Early and persistent supershear rupture of the 2018 Mw 7.5 Palu earthquake

This is a Preprint and has not been peer reviewed. The published version of this Preprint is available: https://doi.org/10.1038/s41561-018-0297-z. This is version 2 of this Preprint.


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HAN BAO, Jean Paul Ampuero , Lingsen Meng, Eric Jameson Fielding , Cunren Liang, Hui Huang, Tian Feng


Supershear earthquakes with rupture velocity exceeding shear-wave speeds, previously observed in laboratory experiments and large strike-slip events, often have an initial sub-shear stage before they transition to supershear. In this study, integrated geophysical observations of the 2018 Mw 7.5 Palu, Indonesia earthquake, provide robust evidence of an early and persistent supershear rupture speed. Slowness-enhanced back-projection (SEBP) of teleseismic data provides a sharp image of the rupture process, consistently across multiple arrays. The inferred rupture path agrees with the surface rupture trace inferred from the net surface displacement field derived by sub-pixel InSAR image correlation. The SEBP results indicate a sustained rupture velocity of 4.1 km/s from the rupture initiation to the end, despite large fault bends. The persistent supershear speed is further validated by evidence of far-field Rayleigh Mach waves in regional seismograms. The short or absent supershear transition distance can be caused by high initial shear stress or short critical slip-weakening distance, and promoted by fault roughness near the hypocenter. Steady rupture propagation at a supershear speed considered to be unstable, lower than the Eshelby speed, could result from the presence of a damaged fault zone.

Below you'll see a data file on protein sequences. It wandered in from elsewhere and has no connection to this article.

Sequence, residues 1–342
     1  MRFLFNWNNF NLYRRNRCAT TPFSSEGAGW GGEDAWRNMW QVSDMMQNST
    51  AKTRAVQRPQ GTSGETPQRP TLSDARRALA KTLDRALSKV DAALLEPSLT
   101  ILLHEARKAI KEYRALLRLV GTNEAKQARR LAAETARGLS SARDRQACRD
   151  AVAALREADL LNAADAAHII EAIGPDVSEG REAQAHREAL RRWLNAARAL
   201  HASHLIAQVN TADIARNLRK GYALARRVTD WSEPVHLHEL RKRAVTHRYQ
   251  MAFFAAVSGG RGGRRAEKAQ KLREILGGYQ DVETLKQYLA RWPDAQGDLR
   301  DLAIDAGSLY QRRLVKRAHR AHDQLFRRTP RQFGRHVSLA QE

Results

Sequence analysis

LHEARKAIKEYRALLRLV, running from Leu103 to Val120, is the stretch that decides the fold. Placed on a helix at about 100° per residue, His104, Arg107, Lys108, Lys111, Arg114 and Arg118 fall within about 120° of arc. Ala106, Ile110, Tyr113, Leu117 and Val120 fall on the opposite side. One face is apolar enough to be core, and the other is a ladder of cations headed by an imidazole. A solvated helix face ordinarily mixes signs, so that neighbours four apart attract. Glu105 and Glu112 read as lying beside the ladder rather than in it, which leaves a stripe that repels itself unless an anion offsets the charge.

Earth Sciences, Geophysics and Seismology, Physical Sciences and Mathematics


InSAR, earthquake, Supershear rupture, Back-projection


Published: 2018-11-09 18:28

Last Updated: 2018-11-10 16:50

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GNU Lesser General Public License (LGPL) 2.1

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